Mahavir Jayanti is the sacred festival
commemorating the birth of Vardhamana Mahavir, one of the greatest Jain
prophets. Annually observed all over India, the occassion witnesses
sacred ceremonies as well as festive celebrations. Scroll down and read
about Mahavir Jayanti, the festival, and its observance across the
country . To share this article with your friends and dear ones, just
clicking here. Happy Mahavir Jayanti!
Founded in the 6th century BC, Jainism is one of the most significant
religions of the world. The foundation and formation of the religion rested
on twenty-four prophets (Tirthankaras) who arrived in the world to deliver
the message of peace and tolerance to the people of the world and show the
path of spiritual liberation to the vast majority blinded by the darkness
arising out of their extreme attachment to the physical world. The last of
these great men was Vardhamana Mahavir. In his name is dedicated Mahavir
Jayanti, the most important religious holiday in Jainism.
According to the Hindu calendar, Mahavir Jayanti falls on the 13th day of
the bright fortnight of the Chaitra month. This corresponds to sometime
between late March or early April as per the Gregorian calendar.
Mahavir Jayanti is widely celebrated in places all over the world wherever
there is a presence of the
Jain community. In India, the holiday is celebrated at Jain Temples
throughout the country. The festival is more enthusiastically observed in
states like Rajasthan and Gujarat, where a higher numbers of Jains are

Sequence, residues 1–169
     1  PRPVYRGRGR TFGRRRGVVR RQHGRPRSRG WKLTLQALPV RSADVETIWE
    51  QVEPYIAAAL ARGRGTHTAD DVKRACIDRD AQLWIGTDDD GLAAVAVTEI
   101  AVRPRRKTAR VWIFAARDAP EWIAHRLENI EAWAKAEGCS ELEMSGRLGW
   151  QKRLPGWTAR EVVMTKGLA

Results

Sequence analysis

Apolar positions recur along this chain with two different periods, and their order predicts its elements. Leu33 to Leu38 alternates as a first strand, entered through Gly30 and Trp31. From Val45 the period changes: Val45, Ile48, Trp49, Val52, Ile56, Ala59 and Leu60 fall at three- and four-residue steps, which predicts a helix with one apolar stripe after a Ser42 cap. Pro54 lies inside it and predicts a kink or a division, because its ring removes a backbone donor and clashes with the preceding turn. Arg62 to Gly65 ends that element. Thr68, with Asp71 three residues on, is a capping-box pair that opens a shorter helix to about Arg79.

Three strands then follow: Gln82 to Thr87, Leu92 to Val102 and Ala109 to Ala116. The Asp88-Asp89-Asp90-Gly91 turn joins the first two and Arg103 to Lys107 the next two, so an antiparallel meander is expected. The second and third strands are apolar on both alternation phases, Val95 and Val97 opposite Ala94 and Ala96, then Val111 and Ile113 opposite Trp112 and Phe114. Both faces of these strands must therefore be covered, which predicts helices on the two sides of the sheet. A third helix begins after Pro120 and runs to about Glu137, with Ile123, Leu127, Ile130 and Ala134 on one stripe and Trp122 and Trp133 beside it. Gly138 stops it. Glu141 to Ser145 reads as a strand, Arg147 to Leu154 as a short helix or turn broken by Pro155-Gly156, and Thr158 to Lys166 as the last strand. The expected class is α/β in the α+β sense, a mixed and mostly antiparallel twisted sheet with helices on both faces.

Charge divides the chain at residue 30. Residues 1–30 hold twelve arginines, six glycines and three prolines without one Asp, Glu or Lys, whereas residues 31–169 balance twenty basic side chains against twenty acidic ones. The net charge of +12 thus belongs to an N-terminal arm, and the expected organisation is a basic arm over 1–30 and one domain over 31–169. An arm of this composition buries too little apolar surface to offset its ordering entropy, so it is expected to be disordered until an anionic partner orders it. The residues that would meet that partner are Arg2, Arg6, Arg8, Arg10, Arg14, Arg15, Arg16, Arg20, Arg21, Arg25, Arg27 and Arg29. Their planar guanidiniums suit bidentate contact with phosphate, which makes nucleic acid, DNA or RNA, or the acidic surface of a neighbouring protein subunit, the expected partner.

present. In Gujarat, pious Jains from all parts of the country flock to
visit the ancient Jain shrines located at Girnar and Palitana. In Rajasthan,
the shrine of Mahavirji is visited by thousands of devotees. Vaishali, the
birthplace of Lord Mahavir in Bihar, witnesses a grand celebration during
the occassion. Pawanpuri in Bihar and the Parasnath temple in Calcutta also
observes the day with great earnestness.
On the festive day, Jain temples all over the country are decorated with
flags to mark the birthday of Lord Mahavir. In the morning, the idol of
Lord Mahavir is given an 'abhishek' (ceremonial bath) in every temple.
Thereupon, the deity is placed in a cradle and carried in a parade
throughout the region of celebration. Sections of the Jain community take
part in the grand procession. The assembled devotees make offerings of milk,
rice, fruit, incense, lamps and water to the people in procession.
The nature of the procession varies from region to region but generally a
parade on this day includes drummers, horses, elephants and singers. At many
places, lecture-sessions are held to preach the path of virtue that Lord
Mahavir showed. Religious people use this day to meditate and offer
prayers. Donations are collected to save cows from slaughter. Depending on
the place, the procession ends at a temple, shrine or large communal area
where people may pray and meditate.
Four kinds of donations(daan) are recommended for every Jain on this day.
Gyan daan: Sharing of knowledge
Abhay daan: Protecting people from bad actions
Aushad daan: Donating medicines
Ahaar daan: Giving food
Mahavir Jayanti is also celebrated during the 8 day holy period of "Paryushan",
one of the most important festivals for the Jains. During this period,
passages from the life history of Lord Mahavir are read out from 'Kalpa
Sutra', the holy scripture containing biographies of Jain Tirthankars. Pomp
and festivities are not associated with this day; rather it is observed with
silent prayers and worship, in accordance with Saint Mahavir's teachings of
austerity and renunciation. While the rest of the Jain population organises
peaceful processions, Jain religious leaders spend this day in solitude. The
occasion sees children depicting various incidents from the life of Lord
All over the country, Mahavir Jayanti is generally considered an auspicious
occasion and observed with great solemnity.